Video technology used for first time in Mullingar Court to quash claim

30 Jul 2019

For the first time a defendant has delivered evidence to a Mullingar Court via video link from the UK demonstrating the trend toward greater reliance on digital technology in Ireland’s judicial system.

Natalie Crooks gave evidence to the court from offices in London belonging to insurance risk and commercial law specialists, BLM and was accommodated due to childcare commitments for her young children.  The case determined an insurance claim following a car accident in 2015.

Commenting on the use of new technology, Gavin Campbell partner at BLM in Dublin said: "We welcome the use of new technology as we remain committed to not only defending fraudulent claims but eradicating them through working with leading insurers to help develop policies that meet their business objectives. The use of video technology in this case was a success and proves that courtrooms across Ireland can rely on new tech to streamline services, cut costs and deliver results. Fundamentally we are committed to innovation and aim to help clients reduce the time and money spent on managing risk and resolving disputes, whilst offering a practical, commercial and solutions driven approach to resolving cases.”

In this case the defendant accepted responsibility but told the court there was no damage to either vehicle, so no Garda involvement was necessary.  The Plaintiff claimed that his bumper was damaged and furnished an invoice for repairs dated seven weeks post accident.  A witness on behalf of the hire company who leased the vehicle to the Defendant gave evidence that when the defendant’s vehicle was returned to them, it was inspected on numerous occasions by a number of employees of the hire car company and that no damage was picked up which might relate to the accident. Judge Karen Fergus was not satisfied the Plaintiff had proved their case and dismissed the matter.

Commenting on the case Sarah Dick solicitor at BLM in Dublin said:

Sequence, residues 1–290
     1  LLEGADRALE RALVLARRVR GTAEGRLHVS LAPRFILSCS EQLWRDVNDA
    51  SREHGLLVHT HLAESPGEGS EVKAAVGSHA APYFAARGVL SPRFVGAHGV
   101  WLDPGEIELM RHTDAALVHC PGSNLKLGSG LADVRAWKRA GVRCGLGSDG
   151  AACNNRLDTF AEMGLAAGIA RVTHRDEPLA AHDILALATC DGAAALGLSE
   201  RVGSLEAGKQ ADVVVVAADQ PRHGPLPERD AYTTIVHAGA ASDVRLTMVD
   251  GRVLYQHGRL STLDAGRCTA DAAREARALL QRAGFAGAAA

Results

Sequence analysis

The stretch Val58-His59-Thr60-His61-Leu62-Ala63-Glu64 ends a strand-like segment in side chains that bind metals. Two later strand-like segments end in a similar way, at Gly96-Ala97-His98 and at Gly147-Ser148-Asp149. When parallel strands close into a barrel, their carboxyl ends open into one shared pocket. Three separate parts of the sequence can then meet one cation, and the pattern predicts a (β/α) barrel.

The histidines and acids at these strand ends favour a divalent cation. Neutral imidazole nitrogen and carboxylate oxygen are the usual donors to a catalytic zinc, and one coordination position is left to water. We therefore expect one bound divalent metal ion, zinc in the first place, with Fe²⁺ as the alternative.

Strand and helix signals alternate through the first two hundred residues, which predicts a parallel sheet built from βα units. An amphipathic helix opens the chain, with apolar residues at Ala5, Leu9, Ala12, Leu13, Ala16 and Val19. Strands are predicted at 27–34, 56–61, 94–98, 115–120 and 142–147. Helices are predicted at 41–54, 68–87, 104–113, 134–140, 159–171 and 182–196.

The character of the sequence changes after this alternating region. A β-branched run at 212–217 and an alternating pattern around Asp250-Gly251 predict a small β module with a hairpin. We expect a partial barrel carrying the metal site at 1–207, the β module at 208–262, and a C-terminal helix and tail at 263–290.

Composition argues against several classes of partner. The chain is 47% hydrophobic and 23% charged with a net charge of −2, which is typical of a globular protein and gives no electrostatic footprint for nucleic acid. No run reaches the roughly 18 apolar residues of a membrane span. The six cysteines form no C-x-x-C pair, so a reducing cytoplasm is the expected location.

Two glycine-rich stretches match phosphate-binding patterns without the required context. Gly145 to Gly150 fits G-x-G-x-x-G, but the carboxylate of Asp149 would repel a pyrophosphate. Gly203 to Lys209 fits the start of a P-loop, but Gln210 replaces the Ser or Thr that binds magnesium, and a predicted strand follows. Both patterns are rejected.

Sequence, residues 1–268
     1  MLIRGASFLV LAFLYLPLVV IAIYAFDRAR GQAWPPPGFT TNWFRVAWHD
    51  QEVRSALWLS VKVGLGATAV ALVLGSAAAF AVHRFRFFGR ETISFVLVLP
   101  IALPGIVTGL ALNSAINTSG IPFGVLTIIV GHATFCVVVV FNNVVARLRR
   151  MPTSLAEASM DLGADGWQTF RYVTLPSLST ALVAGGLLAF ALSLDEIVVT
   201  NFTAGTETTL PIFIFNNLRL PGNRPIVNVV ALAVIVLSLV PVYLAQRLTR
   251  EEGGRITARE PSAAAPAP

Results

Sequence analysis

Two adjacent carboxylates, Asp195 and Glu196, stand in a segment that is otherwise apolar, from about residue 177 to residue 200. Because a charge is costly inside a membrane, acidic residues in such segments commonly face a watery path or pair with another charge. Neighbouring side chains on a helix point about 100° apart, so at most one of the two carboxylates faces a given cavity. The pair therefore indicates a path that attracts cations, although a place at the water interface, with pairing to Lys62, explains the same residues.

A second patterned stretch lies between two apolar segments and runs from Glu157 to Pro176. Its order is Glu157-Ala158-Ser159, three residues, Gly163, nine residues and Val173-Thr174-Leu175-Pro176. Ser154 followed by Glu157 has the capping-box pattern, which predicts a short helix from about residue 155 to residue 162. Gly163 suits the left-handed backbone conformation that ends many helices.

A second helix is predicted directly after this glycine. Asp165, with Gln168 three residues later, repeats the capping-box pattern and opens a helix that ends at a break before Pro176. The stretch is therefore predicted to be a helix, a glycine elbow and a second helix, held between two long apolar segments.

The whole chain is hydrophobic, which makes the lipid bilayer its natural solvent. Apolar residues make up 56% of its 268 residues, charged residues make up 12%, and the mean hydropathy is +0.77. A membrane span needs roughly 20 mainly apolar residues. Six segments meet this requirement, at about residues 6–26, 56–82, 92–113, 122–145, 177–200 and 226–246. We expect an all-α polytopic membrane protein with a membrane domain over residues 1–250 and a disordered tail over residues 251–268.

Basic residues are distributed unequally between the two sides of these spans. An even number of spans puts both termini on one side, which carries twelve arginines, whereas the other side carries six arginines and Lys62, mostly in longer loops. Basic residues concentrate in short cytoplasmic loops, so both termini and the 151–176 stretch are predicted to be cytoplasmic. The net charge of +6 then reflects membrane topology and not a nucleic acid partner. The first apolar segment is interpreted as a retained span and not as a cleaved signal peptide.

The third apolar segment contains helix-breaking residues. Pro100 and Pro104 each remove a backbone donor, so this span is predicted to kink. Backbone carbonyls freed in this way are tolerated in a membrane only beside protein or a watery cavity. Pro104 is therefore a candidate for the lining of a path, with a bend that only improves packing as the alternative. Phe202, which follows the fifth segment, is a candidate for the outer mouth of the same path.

“We had served a minimal impact defence pleading that the impact was of such a minimal nature it was not possible for the claimants to suffer injury. An engineer giving evidence on behalf of the plaintiff accepted that best practice would be to inspect both vehicles. In this case, neither the plaintiff’s or defendant’s insurers were given this opportunity as neither were made aware of the accident until some two years later when the defendants received a solicitors letter. While logistically, running a case where the lead defendant didn’t actually have to be in the same jurisdiction was of great benefit, it was ultimately the strength of the evidence obtained and presented in court which won the case.”

In 2018 Mullingar Courthouse was refurbished as the final part of a €140 million investment in a bundle of seven new courts which created almost 1,000 jobs in the construction industry and eased the integration of new technologies into the process.

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Disclaimer: This document does not present a complete or comprehensive statement of the law, nor does it constitute legal advice. It is intended only to highlight issues that may be of interest to customers of BLM. Specialist legal advice should always be sought in any particular case.

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